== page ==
For Labor Day, a look at the state of underemployment
Although the official unemployment rate was down to 6.2% in July, many economists and other analysts have concluded that that measure doesn’t fully capture what’s happened to the U.S. economy since the Great Recession officially ended in the summer of 2009.
Modest Improvement in Views of Economic News
Amid recent reports on the U.S. unemployment rate and gross domestic product, public views of economic news have improved modestly since February.
Chart of the Week: Which states have the most nurses, and where are they paid the most?
This interactive chart makes comparing occupational employment and pay across states not only easy but fun.
Five years in, recovery still underwhelms compared with previous ones
The current economic recovery, which hit the five-year mark this month, has underperformed other recent expansions that have lasted at least as long.
Chart of the Week: Another way to see employment
How employment rates have fallen and (partially) recovered throughout the United States,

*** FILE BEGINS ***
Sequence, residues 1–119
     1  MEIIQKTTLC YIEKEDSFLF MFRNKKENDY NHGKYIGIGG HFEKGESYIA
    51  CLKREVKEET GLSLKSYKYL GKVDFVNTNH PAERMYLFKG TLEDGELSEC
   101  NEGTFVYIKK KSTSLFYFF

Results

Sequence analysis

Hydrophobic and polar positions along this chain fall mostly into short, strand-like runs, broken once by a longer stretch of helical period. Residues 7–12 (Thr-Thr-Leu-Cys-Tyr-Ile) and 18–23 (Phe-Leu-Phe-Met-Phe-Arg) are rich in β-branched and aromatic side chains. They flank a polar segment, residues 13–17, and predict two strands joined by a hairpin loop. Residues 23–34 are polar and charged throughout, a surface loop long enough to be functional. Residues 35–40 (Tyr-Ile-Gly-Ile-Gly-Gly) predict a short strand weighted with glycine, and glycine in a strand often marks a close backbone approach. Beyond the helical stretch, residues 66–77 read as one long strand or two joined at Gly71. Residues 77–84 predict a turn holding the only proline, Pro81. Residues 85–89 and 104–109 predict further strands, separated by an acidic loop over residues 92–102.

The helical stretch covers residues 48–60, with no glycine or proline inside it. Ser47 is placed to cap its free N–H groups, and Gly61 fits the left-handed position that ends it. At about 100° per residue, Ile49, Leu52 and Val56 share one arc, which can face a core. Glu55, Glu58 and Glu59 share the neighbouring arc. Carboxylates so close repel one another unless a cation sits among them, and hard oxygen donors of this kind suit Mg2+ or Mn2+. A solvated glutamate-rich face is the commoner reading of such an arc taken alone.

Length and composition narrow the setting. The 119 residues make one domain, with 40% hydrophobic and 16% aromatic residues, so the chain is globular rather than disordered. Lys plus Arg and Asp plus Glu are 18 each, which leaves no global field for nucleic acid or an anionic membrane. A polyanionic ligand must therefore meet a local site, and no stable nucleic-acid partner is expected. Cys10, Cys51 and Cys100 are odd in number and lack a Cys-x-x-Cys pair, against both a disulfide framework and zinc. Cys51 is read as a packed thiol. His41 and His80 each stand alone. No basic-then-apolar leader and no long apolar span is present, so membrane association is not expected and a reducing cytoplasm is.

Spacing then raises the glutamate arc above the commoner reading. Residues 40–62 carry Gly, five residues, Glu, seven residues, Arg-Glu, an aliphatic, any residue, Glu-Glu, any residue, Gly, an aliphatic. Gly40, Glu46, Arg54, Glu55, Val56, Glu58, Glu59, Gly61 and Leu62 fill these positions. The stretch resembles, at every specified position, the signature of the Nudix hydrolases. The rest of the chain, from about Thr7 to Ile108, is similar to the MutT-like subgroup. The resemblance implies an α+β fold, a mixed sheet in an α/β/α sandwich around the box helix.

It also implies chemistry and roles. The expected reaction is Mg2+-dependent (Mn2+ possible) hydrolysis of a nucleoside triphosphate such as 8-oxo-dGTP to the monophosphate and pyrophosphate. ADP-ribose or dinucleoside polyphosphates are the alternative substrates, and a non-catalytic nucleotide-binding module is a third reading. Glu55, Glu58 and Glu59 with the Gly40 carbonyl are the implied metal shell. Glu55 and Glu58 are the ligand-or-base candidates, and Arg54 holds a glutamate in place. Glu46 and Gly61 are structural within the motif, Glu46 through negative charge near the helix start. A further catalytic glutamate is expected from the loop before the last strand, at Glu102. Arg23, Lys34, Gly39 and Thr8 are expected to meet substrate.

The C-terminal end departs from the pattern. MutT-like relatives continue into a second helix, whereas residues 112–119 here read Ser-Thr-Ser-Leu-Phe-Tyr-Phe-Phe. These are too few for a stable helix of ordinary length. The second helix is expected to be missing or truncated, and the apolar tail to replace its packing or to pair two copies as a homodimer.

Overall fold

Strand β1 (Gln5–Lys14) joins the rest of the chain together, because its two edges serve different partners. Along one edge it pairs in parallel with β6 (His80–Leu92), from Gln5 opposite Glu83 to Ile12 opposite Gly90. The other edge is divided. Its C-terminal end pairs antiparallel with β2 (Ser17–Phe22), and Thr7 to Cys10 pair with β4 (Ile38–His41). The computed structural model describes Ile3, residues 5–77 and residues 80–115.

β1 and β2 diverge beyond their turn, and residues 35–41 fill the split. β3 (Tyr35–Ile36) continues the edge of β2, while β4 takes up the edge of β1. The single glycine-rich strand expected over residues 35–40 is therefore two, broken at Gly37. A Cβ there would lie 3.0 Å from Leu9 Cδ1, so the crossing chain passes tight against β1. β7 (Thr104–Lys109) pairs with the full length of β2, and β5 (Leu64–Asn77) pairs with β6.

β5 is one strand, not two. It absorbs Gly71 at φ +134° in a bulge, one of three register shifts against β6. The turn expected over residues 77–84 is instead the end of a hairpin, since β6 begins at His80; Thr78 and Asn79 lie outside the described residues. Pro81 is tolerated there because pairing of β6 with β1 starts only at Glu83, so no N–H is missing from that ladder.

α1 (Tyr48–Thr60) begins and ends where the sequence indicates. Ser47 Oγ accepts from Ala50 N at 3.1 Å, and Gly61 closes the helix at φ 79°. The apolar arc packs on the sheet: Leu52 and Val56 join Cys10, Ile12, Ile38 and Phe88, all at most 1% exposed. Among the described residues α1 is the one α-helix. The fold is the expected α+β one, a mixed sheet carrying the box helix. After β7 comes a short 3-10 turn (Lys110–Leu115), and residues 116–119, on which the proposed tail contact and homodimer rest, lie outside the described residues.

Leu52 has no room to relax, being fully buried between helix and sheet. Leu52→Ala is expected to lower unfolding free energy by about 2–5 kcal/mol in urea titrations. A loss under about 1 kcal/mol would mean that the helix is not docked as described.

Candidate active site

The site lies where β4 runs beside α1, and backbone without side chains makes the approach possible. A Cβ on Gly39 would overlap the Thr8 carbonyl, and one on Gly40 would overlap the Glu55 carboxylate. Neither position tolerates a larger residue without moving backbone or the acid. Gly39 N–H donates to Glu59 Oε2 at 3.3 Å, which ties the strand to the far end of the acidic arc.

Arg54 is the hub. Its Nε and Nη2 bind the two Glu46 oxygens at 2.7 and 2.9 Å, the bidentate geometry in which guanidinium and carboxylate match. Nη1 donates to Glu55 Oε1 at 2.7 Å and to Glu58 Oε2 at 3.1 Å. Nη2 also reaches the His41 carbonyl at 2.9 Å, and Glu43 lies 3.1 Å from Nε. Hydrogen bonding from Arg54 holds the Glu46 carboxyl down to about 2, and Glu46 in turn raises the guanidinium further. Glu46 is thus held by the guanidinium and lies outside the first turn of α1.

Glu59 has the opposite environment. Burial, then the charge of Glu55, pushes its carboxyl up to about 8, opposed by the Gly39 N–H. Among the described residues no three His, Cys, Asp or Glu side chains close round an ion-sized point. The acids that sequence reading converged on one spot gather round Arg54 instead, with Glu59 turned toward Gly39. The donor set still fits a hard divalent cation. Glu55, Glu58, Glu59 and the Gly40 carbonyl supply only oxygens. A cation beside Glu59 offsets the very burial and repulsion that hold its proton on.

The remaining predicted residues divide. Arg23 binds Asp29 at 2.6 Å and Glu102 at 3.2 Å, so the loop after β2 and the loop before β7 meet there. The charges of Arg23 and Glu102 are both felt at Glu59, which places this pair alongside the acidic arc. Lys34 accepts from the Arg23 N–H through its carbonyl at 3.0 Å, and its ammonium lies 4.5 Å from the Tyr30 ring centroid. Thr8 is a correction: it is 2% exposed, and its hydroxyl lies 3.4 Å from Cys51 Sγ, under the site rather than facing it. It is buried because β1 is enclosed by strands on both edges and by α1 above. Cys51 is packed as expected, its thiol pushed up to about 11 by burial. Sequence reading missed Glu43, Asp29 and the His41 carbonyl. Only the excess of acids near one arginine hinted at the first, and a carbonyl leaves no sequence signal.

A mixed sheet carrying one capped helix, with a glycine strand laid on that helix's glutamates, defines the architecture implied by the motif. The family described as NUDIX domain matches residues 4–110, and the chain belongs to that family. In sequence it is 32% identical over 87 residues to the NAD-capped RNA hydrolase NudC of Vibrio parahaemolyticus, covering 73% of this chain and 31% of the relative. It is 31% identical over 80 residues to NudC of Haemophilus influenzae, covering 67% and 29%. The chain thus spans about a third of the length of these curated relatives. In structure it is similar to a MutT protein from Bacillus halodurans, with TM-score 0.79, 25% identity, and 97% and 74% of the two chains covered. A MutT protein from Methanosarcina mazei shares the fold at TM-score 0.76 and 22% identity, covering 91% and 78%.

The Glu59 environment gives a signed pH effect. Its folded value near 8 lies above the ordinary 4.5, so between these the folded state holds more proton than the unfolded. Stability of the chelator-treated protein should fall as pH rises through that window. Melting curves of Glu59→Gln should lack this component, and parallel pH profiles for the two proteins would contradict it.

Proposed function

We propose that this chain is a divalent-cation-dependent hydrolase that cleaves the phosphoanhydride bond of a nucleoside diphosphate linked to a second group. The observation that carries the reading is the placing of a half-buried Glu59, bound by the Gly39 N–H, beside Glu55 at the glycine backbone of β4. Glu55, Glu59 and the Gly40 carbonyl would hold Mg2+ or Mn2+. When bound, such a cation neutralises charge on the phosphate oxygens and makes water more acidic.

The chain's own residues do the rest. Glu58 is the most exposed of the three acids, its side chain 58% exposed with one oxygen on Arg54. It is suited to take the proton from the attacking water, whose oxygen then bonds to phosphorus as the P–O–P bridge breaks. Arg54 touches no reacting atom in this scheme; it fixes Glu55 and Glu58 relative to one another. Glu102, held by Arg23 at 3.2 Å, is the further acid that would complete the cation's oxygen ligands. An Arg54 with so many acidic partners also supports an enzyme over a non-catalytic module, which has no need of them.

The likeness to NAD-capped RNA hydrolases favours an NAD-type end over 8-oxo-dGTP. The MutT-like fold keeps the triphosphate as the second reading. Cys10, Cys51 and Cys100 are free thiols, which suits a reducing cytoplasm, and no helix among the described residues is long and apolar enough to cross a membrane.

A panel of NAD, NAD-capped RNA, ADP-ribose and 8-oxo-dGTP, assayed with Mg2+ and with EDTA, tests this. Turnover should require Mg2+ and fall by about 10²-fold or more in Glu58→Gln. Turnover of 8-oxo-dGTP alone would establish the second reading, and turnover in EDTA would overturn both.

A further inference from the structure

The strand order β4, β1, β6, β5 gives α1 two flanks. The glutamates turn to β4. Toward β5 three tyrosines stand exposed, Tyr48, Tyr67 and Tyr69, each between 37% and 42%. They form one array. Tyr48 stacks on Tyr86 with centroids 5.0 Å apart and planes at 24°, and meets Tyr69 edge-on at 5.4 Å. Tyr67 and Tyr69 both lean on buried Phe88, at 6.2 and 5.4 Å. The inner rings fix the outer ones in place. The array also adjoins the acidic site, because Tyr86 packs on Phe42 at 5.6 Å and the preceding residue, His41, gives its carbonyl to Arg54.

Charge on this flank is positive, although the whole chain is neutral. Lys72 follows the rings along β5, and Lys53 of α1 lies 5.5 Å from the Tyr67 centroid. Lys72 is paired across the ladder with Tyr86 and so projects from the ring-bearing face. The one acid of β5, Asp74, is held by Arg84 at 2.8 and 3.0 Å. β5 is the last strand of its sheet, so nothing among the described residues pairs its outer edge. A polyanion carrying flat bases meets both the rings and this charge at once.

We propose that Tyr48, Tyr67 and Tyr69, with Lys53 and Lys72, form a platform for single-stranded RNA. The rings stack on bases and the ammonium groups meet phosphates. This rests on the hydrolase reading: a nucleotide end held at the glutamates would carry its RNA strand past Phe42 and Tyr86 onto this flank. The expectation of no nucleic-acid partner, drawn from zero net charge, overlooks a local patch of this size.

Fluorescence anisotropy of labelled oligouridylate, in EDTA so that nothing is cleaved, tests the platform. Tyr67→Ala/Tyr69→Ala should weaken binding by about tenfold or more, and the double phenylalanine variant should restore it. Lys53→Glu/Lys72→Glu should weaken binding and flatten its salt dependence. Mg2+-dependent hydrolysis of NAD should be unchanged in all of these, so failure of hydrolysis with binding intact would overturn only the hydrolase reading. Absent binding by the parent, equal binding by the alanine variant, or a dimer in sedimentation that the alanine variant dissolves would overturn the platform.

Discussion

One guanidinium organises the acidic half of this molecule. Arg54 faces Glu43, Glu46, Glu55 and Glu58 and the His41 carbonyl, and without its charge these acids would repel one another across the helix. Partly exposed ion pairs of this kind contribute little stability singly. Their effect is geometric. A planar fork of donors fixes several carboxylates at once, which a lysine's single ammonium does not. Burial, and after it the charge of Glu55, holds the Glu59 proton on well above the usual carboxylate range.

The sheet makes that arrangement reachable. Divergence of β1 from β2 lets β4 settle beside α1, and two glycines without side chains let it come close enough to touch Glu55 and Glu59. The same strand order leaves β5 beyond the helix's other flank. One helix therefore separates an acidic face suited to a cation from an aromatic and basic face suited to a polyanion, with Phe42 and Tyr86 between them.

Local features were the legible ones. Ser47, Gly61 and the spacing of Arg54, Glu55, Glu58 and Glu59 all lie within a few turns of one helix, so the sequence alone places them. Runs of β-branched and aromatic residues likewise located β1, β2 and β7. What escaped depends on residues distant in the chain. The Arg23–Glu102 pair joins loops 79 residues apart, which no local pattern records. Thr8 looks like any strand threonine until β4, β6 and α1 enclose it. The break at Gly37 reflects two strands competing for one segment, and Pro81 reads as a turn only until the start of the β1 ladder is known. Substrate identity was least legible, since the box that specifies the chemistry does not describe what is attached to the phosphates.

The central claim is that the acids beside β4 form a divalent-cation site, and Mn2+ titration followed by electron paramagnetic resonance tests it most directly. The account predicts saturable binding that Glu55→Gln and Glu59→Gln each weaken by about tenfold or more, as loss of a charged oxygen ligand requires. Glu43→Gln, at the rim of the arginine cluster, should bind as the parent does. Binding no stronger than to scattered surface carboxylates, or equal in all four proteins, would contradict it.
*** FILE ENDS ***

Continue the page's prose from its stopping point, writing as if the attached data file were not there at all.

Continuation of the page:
Chart of the Week: How U.S. regained all its lost jobs, but still fell behind
The U.S. finally has more jobs than it did before the Great Recession, but that’s not nearly enough to keep pace with the growing population.
Americans still sour on the economy despite falling unemployment
Americans’ assessment of the economy appears to be at odds with official unemployment statistics. But looking more deeply at job openings, hires and quits can help explain the disconnect.
Midterm Election Indicators Daunting for Democrats
With the midterm elections six months away, 47% of registered voters support the Republican candidate in their district while 43% favor the Democrat. And more see their vote as a vote against President Obama than for him.
Americans agree inequality has grown, but don’t agree on why
Two-thirds of Americans say the gap between the rich and everyone else has increased, but when asked why they cite dozens of different reasons.
Chart of the week: Still deep in the jobs hole
At current rates of job growth, employment won’t reach its pre-recession level for more than five years.